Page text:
Regular commenter David Corbett has asked so nicely to see more of my one guilty pleasure that I could hardly refuse. Here, then, are some of the toy American Civil War soldiers in my personal collection. I add to their ranks when I can and most recently acquired 9 figures from the "Brooklyn 14th" that have just been issued by The Collectors Showcase. Like the rest of my collection, these are matte finished metal figures in 1:32 scale (54mm), but I have just started collecting from this manufacturer. These particular pieces are extremely well done, historically accurate right down to the double row of brass buttons on their chasseur jackets.
I found a central location for them on a shelf with other figures compatible with a depiction of the Battle of 1st Manassas (or Bull Run, if you prefer). I've condensed the action considerably, but there are two Zouave units represented here: Company K of the 69th N.Y.S.M.by the discontinued Troiani Historical Miniatures company, and a recreation of a Don Troiani painting by Conte Collectibles depicting the 11th NY "Fire Zouaves" breaking under a charge by the 1st Virginia Cavalry, lead by a blue clad J.E.B. Stuart. The 2nd Rhode Island in their light blue blouses also makes an appearance in two sets by Forward March, while an ordinance wagon pulled by a mule team from the venerable William Britain company withdraws from the line. I understand that Zouaves don't sell particularly well in this hobby, which I cannot understand as I am always looking for some of these colorful units done well by one or another manufacturer. I had Abbott and Livingston ancestors in the 5th, 9th and 146th New York Zouaves, so it's personal.
In the late 1990s there was a renaissance in realistic, as opposed to "toy soldier" styles, which prior to then had been largely the domain of ultra expensive Russian manufacturers who did museum quality matte finished pieces and a few smaller operators. W. Britains and Conte developed extensive Civil War lines during this period and I collected them heavily. When lead sculptor Ken Osen left Britains for Conte, I followed, and when he moved on to Troiani and then helped launch Old Northwest Trading Company I collected those as well. Now back with Britains, the quality and detail continues to excel. You would think it might not be so difficult to get this historical period right, but many manufactures and sculptors fail to pull it off. Conte has gotten almost cartoonish and grotesque in recent years and had trouble getting the paint right or staying in scale. Britains went through a long dry spell before Richard Walker took over the reins and Ken Osen came back on board.
Collectors of high end Civil War toy soldiers tend to be found in US markets East of the Mississippi. There are a disproportionate number of figures representing the armies of the Eastern Theater of the war than those who fought in the West. I am still hoping that Britians will issue a couple of Army of Tennessee flag bearers with the Hardee and Polk pattern flags. I pulled together the scene at right using Iron brigade figures by Britains, Conte and Troiani with some additions figures by these manufacturers to represent Grant with some of his westerners. I tried to hide them from view, but you can just make out the red circle badge of the 1st Division, 1st Corps of the Army of the Potomac on the kepi of one of the officers.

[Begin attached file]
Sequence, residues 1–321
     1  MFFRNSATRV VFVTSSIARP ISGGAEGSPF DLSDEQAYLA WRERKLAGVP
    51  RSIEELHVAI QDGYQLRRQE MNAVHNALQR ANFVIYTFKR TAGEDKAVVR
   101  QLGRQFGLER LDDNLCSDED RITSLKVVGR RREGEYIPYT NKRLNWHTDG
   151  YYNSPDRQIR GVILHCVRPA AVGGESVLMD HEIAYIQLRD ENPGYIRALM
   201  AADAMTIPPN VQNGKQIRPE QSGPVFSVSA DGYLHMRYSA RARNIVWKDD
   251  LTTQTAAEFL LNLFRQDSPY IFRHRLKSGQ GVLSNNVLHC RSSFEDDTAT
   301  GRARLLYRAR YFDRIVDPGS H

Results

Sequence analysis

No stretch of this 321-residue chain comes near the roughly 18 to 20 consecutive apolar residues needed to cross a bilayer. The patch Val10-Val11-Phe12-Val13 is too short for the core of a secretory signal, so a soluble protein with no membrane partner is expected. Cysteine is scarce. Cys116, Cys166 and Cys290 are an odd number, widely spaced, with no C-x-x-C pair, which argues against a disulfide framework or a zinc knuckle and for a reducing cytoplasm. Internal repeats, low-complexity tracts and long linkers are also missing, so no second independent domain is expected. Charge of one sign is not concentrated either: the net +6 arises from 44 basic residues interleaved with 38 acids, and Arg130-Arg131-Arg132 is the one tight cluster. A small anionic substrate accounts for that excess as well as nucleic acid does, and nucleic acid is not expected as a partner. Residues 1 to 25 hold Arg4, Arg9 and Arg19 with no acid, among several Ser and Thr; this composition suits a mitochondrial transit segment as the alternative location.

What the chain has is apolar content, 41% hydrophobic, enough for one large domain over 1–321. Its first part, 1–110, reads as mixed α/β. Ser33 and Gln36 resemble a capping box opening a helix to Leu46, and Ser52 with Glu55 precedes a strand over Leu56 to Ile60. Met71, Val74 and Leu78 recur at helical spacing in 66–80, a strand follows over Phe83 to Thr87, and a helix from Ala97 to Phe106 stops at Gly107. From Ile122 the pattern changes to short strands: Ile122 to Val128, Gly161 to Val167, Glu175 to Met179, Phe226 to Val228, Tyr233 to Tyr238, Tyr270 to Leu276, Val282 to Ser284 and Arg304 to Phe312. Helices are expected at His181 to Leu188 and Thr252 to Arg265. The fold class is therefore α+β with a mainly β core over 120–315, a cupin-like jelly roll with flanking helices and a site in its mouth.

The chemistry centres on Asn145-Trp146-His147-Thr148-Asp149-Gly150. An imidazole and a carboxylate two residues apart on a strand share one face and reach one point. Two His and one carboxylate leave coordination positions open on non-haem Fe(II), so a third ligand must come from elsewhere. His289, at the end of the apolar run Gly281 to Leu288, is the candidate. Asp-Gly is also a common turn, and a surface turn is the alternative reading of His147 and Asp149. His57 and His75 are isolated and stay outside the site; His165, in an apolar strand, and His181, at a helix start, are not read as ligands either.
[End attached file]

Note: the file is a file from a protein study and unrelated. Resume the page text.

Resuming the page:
Some genres lend themselves to uniform ranks or duplicate poses. For the kind of money these cost, I have no desire to pay for the same figure twice. Conte ill-advisedly released a Union and Confederate marching set of 6 figures in three poses, and I bought a split confederate set on eBay and passed on the Yanks. Even if the same sculpts are used, a different paint job and a different head is all it would take to diversify the offerings, as some manufacturers have found. Recycled poses are fine except when union cap badges end up on confederate heads. I've got a lot of these now, feel entitled to be picky about what I add to the collection.
Of course, I have a wish list. Besides the Zouaves and flag bearers already mentioned, the cavalry units in my collection are quite thin. I'd like to see some of the Heavy Artillery regiments like the 1st ME or Litchfield's own 2nd CT that Grant converted to Infantry and fed into the furnace at Cold Harbor and Petersburg. It is probably too much to ask for any of Gracie's Alabama Brigade, which would cover the confederate side of the family tree rather nicely. There seem to be very few offerings of confederate NCOs who are doing something other than carrying flags. The Civil War doesn't offer collectors the range of vehicles of all that WWII armor, but I'd like a caisson to go with the six horse team and limber that Britains put out early this decade, and maybe a sanitary commission ambulance and sutler's wagon. Heck, I'd even go for a stampeding Congressman and his lady overtaken in their chaise after the rout at Bull Run. Just not all at once. I have to space out my purchases and stay on budget to keep my finances and my marriage afloat. Here are a few more shots of what is on my top shelves that you may click to enlarge.
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